Philippines: Plenty of room for growth

Philippines: Plenty of room for growth

Ajay Sunder/Frost & Sullivan   |   September 12, 2012
The Philippines is still a growing mobile communications market with revenues hitting $3.8 billion last year. The emergence of over-the-top players and numerous content providers has intensified competition in the mobile landscape with a variety of low-cost services. Despite the challenges, the overall market continued to grow, albeit at a slower rate of 7% in 2011.
 
A unique aspect of the Philippines mobile market compared to other APAC markets is that more than 50% of ARPU comes from data - primarily SMS - enabling the country to retain the title of the world's text messaging capital. The major operators offer attractive bundled packages with unlimited text. But operators are launching more innovative data applications and starting to feel the impact of social media, like Facebook Zero.
 
Despite declining prices in fixed and mobile broadband in the Philippines, the service is still not affordable for the majority. The broadband penetration rate of 7.4% in 2011 offers enormous upside growth potential for the industry players. Operators like Globe are pushing hard with competitive entry-level packages priced as low as 15 pesos (35 US cents) for one hour of HSPA service with a 20 MB data cap.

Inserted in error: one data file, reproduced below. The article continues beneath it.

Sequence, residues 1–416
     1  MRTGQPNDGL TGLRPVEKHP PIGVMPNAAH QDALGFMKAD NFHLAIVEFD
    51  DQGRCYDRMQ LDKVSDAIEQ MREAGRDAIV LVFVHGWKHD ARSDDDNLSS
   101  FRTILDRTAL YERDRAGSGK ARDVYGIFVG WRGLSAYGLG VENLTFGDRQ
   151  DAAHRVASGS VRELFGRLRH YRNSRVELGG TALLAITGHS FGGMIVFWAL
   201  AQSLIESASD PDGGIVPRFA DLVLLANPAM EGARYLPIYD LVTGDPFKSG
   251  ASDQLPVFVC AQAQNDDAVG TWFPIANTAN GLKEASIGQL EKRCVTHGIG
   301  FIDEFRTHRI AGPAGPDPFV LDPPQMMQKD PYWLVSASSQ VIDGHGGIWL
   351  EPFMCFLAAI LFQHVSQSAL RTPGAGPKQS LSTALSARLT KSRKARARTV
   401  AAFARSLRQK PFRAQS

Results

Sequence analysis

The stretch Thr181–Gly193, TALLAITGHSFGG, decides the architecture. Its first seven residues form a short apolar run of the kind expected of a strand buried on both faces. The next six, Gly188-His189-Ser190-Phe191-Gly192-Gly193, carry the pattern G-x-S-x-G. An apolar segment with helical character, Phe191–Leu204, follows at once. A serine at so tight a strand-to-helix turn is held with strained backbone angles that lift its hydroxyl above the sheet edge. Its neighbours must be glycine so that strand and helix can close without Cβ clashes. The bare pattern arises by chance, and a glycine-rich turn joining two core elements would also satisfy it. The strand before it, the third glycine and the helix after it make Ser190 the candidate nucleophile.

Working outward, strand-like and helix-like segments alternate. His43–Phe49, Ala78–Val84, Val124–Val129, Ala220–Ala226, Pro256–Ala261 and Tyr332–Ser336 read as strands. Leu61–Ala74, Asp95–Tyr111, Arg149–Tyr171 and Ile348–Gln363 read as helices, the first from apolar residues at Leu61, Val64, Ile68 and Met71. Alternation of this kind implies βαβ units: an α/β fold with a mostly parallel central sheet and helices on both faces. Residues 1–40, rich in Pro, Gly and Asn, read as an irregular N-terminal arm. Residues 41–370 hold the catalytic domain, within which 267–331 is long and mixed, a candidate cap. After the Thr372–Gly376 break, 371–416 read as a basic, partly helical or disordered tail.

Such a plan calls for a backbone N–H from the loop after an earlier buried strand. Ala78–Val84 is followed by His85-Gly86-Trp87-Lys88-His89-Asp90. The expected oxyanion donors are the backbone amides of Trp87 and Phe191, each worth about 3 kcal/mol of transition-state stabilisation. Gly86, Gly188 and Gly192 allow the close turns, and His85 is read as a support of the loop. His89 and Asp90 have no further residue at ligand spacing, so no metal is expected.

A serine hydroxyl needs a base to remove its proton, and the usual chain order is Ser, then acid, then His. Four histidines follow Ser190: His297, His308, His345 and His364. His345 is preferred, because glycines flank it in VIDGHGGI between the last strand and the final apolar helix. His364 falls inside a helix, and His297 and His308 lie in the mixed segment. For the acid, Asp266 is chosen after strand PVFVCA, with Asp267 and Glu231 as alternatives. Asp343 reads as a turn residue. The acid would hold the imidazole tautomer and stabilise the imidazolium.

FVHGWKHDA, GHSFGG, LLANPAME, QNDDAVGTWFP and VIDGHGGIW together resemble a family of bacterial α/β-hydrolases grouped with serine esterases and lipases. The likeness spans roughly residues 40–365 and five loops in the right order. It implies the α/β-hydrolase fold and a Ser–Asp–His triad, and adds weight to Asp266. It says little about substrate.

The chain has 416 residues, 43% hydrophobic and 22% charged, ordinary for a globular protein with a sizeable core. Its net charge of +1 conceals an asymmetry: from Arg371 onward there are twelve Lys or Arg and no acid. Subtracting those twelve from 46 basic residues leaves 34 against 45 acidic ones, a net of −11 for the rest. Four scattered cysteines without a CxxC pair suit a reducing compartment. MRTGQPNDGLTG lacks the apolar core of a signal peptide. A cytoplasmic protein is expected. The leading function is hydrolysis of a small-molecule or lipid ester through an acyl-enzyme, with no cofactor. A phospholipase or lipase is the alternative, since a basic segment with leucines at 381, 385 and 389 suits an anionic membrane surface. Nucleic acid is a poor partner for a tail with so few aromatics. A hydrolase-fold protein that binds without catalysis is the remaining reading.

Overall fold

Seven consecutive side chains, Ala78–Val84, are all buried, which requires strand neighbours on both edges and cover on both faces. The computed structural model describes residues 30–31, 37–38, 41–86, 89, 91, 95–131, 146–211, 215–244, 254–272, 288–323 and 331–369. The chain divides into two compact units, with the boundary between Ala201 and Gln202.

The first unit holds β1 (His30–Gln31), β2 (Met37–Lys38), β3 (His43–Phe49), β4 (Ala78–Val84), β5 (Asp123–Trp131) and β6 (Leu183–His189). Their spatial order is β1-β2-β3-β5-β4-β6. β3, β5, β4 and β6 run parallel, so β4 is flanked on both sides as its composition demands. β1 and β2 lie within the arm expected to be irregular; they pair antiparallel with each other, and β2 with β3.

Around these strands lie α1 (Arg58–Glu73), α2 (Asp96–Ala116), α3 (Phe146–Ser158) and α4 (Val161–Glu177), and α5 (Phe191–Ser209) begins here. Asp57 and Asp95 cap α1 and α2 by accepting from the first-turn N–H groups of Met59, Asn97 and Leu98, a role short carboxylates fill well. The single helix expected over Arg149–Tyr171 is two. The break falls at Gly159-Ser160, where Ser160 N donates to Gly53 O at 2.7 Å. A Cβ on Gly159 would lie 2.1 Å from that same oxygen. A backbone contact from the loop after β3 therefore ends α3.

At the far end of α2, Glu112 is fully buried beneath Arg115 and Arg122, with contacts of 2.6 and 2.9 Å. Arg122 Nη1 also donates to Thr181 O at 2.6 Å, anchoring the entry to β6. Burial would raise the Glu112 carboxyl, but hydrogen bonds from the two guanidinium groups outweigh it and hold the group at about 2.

The Philippines is still very much a youth market with more than 60% of the population aged 15 to 64 and a median age of 23 years. Most operators are targeting the youth market in their campaigns.
 
Smartphone penetration is still less than 20% but is expected to increase significantly, driven in large part by the youth segment. There also is an increased focus from operators on creating local content and targeting the youth market through innovative applications.
 
It is interesting to observe the different strategies adopted by various operators. For example, Smart focuses on data allowance while Globe sells on speed and unlimited usage. Its unlimited plans are highly popular among subscribers. But as seen in other emerging economies, unlimited usage packages can pose a problem to quality of service as the data usage increases among subscribers.
 
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It's not just about growth in data, it's a signaling issue as well

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